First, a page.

The new Japanese prime minister reiterated his “values diplomacy” recently, confirming his nation’s “pillar” ties with the US and reaching out to two countries in particular, Australia and India. “Freedom, democracy, and fundamental human rights,” Shinzo Abe told the newspaper Yomiuri Shimbun in a December 28th interview. “We will deepen ties with nations that share and uphold these values.”
Abe’s words are no aberration for Tokyo. In November 2006, Taro Aso, when he was foreign minister, proposed an “arc of freedom and prosperity” for Asia. Then, the concept went nowhere, as Asian diplomats were optimistic about engaging China. Now, however, a grand coalition of democracies is in fact slowly forming in the region, backed up by President Obama’s “pivot” or “rebalancing” to East Asia.
And it is not hard to see why free societies are turning to each other for support. China has stepped up its probing of neighbors from India in the south to South Korea in the north. Among Beijing’s targets is Japan. The flashpoint in East Asia at the moment is the string of Japanese-administered islets in the East China Sea. Japan calls them the Senkakus and China the Diaoyus.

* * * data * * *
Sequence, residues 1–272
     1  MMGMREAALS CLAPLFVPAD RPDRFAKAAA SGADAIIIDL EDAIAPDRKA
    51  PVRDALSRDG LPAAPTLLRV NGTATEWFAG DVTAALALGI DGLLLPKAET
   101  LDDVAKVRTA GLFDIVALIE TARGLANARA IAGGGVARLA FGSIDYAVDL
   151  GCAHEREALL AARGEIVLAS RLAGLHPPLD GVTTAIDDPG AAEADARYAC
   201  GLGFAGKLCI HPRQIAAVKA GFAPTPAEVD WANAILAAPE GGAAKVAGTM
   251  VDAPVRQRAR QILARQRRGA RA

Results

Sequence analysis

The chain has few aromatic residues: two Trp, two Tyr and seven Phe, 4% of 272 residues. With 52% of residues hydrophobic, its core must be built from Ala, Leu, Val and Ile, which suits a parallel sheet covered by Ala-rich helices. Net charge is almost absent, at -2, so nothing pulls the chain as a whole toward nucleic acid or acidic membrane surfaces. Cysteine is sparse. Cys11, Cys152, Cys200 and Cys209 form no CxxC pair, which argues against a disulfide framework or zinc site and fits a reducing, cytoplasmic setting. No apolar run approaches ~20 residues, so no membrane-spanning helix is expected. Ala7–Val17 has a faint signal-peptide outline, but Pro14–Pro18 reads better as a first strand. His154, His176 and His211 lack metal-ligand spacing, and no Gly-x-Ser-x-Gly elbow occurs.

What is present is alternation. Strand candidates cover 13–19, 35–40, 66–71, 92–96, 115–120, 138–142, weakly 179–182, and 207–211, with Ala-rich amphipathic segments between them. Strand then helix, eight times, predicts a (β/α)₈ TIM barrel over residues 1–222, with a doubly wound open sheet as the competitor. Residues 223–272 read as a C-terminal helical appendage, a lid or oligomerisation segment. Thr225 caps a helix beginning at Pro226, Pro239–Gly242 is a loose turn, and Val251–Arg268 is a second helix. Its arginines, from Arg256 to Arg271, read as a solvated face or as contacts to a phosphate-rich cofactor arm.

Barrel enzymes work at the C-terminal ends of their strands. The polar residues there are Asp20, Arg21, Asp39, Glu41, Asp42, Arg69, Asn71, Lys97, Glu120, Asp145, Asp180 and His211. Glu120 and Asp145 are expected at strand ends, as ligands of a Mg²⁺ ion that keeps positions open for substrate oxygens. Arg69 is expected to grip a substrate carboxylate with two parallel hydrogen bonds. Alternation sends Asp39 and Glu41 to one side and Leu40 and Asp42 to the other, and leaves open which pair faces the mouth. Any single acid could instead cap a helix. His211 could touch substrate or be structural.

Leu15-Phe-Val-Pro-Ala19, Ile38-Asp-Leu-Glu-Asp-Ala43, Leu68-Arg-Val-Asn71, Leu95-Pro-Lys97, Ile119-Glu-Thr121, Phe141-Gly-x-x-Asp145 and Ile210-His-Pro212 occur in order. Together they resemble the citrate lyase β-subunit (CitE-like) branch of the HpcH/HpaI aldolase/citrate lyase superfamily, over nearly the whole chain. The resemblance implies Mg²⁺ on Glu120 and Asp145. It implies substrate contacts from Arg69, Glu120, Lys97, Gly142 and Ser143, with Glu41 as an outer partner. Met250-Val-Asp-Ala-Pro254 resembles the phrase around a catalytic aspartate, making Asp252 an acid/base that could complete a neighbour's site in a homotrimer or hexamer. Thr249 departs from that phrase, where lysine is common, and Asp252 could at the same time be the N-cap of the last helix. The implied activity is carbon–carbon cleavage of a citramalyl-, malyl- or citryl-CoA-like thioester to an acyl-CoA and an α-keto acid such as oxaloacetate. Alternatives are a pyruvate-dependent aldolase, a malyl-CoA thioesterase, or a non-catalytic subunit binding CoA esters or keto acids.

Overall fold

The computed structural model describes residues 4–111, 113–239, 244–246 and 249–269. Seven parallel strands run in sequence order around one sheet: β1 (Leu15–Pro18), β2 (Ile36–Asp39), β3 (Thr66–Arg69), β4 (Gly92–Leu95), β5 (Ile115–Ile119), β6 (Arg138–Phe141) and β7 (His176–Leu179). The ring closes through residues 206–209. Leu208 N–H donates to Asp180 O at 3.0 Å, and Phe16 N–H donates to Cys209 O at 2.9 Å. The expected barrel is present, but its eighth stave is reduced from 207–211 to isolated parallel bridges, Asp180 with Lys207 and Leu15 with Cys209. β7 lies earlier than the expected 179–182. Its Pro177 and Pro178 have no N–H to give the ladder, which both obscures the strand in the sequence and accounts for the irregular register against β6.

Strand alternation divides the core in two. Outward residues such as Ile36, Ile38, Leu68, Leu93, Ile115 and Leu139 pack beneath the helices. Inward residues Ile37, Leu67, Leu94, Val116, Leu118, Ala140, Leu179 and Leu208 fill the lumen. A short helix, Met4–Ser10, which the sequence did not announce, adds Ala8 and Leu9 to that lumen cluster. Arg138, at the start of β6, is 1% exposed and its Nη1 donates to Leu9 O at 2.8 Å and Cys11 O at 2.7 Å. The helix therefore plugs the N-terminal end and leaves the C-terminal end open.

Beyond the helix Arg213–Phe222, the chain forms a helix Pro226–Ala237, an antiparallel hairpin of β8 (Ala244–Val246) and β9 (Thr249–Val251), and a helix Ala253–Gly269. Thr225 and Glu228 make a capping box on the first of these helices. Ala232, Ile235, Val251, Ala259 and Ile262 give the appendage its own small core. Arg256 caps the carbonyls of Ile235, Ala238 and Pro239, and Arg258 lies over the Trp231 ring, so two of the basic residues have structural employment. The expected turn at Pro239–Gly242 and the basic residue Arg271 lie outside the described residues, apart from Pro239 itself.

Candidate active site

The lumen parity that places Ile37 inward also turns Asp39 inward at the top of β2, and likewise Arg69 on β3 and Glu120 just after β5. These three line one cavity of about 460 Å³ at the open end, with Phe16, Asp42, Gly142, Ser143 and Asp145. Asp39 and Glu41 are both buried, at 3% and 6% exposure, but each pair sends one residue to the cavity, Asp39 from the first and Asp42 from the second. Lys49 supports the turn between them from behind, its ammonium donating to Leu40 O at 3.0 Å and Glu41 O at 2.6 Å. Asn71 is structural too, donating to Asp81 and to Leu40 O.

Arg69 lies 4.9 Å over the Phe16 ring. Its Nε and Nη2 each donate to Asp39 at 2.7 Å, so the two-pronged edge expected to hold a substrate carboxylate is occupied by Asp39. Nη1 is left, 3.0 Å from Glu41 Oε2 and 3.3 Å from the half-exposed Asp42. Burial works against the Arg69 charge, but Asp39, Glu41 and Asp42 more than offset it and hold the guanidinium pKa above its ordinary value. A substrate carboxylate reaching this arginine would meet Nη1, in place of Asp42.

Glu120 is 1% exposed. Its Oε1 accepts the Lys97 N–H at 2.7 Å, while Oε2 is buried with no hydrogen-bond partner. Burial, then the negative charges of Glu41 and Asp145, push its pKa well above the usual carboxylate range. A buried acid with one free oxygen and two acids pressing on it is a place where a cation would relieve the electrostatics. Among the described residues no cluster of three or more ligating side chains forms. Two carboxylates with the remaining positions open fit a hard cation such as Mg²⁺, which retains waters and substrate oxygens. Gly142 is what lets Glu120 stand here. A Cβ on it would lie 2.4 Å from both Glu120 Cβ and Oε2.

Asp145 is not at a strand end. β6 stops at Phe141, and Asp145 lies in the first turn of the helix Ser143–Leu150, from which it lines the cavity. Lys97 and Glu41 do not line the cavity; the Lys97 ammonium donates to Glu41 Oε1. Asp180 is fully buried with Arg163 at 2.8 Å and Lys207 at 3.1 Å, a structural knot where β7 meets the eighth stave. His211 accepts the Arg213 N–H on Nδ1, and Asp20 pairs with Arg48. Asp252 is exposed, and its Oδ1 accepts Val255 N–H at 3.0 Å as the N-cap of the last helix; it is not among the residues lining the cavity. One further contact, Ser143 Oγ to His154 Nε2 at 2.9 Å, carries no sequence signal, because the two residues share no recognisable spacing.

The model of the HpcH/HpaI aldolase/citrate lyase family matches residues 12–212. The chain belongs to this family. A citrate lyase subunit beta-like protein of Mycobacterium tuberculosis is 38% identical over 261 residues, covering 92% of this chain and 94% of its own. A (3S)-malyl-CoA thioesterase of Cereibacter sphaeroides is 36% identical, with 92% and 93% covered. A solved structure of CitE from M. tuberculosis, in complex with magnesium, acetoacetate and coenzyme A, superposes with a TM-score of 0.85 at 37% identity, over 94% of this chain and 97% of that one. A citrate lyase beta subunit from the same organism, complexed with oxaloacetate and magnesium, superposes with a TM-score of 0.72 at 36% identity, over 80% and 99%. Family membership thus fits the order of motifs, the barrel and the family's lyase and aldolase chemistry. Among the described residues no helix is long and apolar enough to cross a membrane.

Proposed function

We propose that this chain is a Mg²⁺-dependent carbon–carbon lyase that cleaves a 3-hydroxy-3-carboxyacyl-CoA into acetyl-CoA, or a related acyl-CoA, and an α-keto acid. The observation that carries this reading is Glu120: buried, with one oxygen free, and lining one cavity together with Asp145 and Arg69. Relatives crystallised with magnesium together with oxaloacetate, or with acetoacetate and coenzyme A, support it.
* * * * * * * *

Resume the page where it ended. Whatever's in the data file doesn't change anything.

Taipei also believes it has sovereignty over the outcroppings but has done little to enforce its historical claim. The Chinese, however, have engaged in a series of provocations, including territorial incursions. Beijing has routinely violated Japan’s sovereignty by sending its civilian vessels into the waters immediately around the islands.
Recently, China has intensified the pressure on Japan. On December 13th, a Y-12 patrol plane, flown by the State Oceanic Administration, violated Japanese airspace above the Senkakus, the first time a Chinese aircraft has ever done that. The US expressed “concern” and reminded Beijing of its treaty commitments to defend Japan, but to no avail. On December 22nd, another Chinese plane approached the islands and entered Japan’s air defense perimeter. On Saturday, Beijing sent still another plane near the Senkakus.
The pattern of China’s territorial intrusions in the region suggests Beijing is determined to test the resolve, and perhaps the defenses, of its neighbors. It also does little to calm those who believe China is set on an expansionist path. As a result, many now doubt that China can be effectively engaged or even appeased—much less integrated into the liberal international system. And diplomatic niceties are proving insufficient to deter China from its aggressive posture.
Japanese leaders understand, as President Ronald Reagan did, that the nature of a regime matters. Simply stated, the form of its political system prevents Beijing from evolving to better policies and serving as a reliable partner. Peace in the region will be maintained only if the great democracies work together, as both Shinzo Abe and Taro Aso have declared.